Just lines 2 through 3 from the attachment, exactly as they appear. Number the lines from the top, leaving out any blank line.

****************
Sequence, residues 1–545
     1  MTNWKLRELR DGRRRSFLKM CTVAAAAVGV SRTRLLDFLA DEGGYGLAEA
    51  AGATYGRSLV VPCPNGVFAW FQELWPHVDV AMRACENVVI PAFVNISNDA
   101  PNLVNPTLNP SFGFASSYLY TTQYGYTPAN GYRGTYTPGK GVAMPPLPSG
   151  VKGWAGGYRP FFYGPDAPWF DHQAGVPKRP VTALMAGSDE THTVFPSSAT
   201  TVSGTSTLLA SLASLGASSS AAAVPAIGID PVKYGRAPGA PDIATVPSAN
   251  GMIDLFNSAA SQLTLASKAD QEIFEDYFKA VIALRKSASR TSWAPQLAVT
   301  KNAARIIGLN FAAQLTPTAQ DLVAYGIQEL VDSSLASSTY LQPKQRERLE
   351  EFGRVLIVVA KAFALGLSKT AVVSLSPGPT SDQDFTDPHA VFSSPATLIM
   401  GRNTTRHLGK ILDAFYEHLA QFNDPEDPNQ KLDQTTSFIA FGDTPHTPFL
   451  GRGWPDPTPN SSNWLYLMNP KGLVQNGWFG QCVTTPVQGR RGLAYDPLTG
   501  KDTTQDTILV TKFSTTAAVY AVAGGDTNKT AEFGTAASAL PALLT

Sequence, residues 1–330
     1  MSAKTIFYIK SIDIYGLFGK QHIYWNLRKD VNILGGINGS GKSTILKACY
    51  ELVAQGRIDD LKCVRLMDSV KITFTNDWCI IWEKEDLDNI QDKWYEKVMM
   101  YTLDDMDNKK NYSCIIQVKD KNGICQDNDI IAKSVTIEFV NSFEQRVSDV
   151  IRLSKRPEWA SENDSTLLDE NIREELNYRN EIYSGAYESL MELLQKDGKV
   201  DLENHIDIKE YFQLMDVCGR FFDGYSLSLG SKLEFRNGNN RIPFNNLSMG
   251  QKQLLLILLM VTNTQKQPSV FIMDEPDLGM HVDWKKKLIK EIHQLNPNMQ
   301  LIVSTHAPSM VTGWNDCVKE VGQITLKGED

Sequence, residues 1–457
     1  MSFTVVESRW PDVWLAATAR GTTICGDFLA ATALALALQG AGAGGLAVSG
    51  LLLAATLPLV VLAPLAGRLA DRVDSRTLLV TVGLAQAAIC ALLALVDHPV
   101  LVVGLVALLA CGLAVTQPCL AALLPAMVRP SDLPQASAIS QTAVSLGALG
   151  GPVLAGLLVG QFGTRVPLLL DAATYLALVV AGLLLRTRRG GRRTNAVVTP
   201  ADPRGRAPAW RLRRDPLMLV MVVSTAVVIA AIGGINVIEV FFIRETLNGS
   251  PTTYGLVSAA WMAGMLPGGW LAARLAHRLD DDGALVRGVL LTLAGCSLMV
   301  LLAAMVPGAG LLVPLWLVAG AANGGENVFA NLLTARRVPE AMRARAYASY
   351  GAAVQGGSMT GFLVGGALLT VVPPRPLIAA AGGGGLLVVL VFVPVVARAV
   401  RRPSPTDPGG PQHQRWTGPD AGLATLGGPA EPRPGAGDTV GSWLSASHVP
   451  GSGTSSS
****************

     1  MTNWKLRELR DGRRRSFLKM CTVAAAAVGV SRTRLLDFLA DEGGYGLAEA
    51  AGATYGRSLV VPCPNGVFAW FQELWPHVDV AMRACENVVI PAFVNISNDA